“Book Review: High Cotton”
Reviewed by Joe Walters
A voice to be heard, a story to be told, a life to be lived with High Cotton
I’ve been reading a lot of essay collections lately. I’ve been hearing a lot of voices about topics I want to hear about, learn about, devour, and improve myself with, but none felt quite as striking and intimate as Kristie Robin Johnson’s High Cotton. This essay collection works as a full narrative; each nonfiction story takes on the form of the essay to teach us something along the ride of Johnson’s life. This time, the stories revolve around one small-town Georgia woman bred of five generations of small-town Georgia women, each chasing a life they can love despite the constant battles of being Black in America’s Deep South.
This collection opens with “Dope,” an essay about Kristie’s mother’s crack addiction. We take a stark and honest look at their relationship, the strains put forth on a daughter, and the patience and love she can have for the one who raised her. It’s a glimpse into the life of the affected, the normalcies attached to this addiction, and the tolerance—and, indirectly, even love—for those who are selling the drugs to her mother in order to get by. It’s the first opportunity we really get to know the author and the prose she’s about to set fire to on the page.
I can’t help but appreciate the way Johnson constructs these essays. We dip into a number of different conversations—from colorism to waiting for food stamps to raising an autistic child in a world that sees his race as criminal—and we dip into them with an honest and daring style. One essay (“Humanity at the Grovetown Nail Spa”) is made up of only one sentence, while “Broke, Not Broken” is a second-person account made to distance the author from her own admitted pain. Johnson tackles important subjects in these difficult styles, thus displaying an undeniable command of language and storytelling. You should see the margins in my paperback, all stemming from the same concept—that this prose is legit.
When Johnson speaks of her ancestors, it becomes evident that the life coursing through her veins is one created by the strength of Black women. In “Men Forever,” we learn about these women, including Vinie, her oldest-known relative and a slave woman who had attempted to escape by swimming the length of a lake in order to save her child who had been sold to a different owner. Through Johnson’s prose and the structure of this essay, we come full-circle to see just how much it takes every day to be a Black woman, and how much it took their mothers and mother’s mothers before her.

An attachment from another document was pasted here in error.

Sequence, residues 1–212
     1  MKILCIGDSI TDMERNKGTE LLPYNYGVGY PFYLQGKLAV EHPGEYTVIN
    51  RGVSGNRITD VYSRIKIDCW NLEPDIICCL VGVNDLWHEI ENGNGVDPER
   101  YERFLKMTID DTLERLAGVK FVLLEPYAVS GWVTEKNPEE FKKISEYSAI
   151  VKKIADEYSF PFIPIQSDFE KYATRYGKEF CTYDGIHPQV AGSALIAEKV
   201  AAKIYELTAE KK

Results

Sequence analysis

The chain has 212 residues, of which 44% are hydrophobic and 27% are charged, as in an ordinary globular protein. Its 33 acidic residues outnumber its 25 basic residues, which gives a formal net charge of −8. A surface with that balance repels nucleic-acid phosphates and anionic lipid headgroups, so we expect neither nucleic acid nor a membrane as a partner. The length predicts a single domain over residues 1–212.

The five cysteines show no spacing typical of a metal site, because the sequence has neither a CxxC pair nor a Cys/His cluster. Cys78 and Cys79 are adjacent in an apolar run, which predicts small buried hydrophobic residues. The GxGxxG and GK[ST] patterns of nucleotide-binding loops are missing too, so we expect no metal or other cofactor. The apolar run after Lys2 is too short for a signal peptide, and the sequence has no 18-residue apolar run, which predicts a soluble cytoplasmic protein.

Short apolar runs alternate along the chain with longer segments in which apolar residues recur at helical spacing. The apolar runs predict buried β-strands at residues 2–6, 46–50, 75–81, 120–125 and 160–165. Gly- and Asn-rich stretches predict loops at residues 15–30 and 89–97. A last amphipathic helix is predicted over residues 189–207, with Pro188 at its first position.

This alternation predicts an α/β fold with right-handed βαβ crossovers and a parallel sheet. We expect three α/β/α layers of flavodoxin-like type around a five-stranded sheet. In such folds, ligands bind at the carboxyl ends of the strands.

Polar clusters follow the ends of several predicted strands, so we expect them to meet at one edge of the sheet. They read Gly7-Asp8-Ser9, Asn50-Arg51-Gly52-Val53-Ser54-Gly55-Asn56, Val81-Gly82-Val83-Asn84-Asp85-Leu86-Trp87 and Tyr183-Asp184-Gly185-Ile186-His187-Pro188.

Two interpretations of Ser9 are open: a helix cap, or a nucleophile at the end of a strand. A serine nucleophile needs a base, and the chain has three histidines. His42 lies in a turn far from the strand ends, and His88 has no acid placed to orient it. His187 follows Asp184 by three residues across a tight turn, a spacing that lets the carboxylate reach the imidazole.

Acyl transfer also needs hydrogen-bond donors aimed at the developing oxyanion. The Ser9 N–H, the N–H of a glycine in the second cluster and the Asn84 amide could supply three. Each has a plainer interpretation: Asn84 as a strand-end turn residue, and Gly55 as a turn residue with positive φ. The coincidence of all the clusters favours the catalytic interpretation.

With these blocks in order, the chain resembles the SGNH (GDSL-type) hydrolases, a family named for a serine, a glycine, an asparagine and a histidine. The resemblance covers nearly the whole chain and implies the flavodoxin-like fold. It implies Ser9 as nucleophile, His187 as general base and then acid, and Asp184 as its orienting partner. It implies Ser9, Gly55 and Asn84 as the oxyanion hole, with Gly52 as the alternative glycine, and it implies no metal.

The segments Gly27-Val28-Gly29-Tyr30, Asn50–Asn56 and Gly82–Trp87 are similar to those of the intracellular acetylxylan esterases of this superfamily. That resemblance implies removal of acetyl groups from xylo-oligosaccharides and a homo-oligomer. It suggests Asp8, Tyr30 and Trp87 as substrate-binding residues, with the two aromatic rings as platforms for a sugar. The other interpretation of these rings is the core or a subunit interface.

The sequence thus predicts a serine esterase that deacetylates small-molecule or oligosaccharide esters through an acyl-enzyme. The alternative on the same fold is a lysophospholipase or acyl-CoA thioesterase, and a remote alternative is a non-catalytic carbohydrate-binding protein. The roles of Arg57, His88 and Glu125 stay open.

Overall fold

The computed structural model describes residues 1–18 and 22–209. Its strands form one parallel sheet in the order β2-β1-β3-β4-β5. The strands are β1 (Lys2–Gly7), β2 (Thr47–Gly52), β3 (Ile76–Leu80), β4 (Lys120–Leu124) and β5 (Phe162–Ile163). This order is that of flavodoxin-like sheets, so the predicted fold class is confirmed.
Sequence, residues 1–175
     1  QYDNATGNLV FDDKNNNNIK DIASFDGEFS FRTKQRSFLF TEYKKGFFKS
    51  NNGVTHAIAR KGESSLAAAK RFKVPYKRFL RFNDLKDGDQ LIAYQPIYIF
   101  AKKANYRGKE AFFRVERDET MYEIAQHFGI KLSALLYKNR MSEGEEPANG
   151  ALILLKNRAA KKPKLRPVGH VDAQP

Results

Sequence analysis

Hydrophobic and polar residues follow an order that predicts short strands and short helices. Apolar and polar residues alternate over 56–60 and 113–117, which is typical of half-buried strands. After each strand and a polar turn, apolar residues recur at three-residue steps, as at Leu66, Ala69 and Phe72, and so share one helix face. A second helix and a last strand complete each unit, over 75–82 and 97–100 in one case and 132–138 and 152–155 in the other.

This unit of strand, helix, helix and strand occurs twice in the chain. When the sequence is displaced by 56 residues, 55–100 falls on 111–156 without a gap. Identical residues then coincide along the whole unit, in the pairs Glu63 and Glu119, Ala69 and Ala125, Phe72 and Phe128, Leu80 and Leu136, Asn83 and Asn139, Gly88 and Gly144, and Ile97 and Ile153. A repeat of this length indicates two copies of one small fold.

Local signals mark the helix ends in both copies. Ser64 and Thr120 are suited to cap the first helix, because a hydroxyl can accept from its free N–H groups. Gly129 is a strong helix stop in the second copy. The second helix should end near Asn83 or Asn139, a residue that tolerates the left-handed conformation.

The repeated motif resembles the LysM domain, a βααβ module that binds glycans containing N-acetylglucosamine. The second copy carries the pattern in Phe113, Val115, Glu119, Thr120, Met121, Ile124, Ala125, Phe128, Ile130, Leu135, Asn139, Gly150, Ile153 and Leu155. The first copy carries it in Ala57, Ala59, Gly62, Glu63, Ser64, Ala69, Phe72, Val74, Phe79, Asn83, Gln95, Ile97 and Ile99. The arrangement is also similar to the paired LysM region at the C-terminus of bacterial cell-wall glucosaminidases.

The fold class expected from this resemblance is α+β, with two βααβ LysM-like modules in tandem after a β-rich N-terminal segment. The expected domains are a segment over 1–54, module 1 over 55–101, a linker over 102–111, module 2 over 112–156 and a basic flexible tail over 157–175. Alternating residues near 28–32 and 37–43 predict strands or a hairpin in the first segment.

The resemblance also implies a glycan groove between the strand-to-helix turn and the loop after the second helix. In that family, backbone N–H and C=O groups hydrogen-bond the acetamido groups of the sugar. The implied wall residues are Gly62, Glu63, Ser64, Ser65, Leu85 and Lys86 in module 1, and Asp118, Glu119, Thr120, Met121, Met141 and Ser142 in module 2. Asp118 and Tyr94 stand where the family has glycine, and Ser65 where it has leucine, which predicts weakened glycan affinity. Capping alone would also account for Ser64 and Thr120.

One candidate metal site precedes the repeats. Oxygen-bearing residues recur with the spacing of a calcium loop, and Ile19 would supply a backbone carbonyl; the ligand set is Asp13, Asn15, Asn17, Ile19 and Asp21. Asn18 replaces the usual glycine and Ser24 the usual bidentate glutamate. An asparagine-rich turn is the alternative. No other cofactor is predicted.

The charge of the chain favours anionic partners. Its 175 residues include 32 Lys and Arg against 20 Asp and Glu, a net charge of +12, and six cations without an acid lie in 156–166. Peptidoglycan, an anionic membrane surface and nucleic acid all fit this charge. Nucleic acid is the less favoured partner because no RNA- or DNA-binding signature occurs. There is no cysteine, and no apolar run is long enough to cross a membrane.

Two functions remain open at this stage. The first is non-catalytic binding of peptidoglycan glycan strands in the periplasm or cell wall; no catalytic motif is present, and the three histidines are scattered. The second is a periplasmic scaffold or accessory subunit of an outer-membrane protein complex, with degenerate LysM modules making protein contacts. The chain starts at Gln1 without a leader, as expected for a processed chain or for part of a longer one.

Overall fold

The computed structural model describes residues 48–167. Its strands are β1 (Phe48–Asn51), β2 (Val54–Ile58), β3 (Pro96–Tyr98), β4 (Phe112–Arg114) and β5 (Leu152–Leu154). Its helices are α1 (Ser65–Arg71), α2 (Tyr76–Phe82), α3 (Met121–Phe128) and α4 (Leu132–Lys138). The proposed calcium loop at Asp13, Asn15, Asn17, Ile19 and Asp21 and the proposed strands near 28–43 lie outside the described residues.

Johnson’s essays that involve her autistic son Bobby–like “Quintonio’s Lot” and “In Search of Heroes”–hit me hard. The former tells the story of nineteen-year-old Quintonio Legrier, who was also autistic, and who was shot down by police because his father called them for help in detaining him; the police also killed his fifty-five-year-old neighbor Bettie Jones who was at the scene to help. Johnson approaches the subject with her on-point prose and conveys a fear in the question of who she can call if her son has a similar episode. And meanwhile, in “In Search of Heroes,” she shares the story of Bobby returning home from his well-to-do school asking why none of his teachers are Black. When she hears this, we as readers can feel a version of what hits Kristie in her gut, joining her on the complicated exploration of how badly she wanted him to go to a good school in a good neighborhood but which resulted in surrounding him with leaders who don’t look like him.
High Cotton is something I’ll be remembering for quite some time. If it were up to me, I’d say she lands her goal of writing like Tupac, of, “welcoming complication, opening wounds, questioning power, bucking tradition, all without apology;” and it makes for one damn good read.
Publisher: Raised Voice Press
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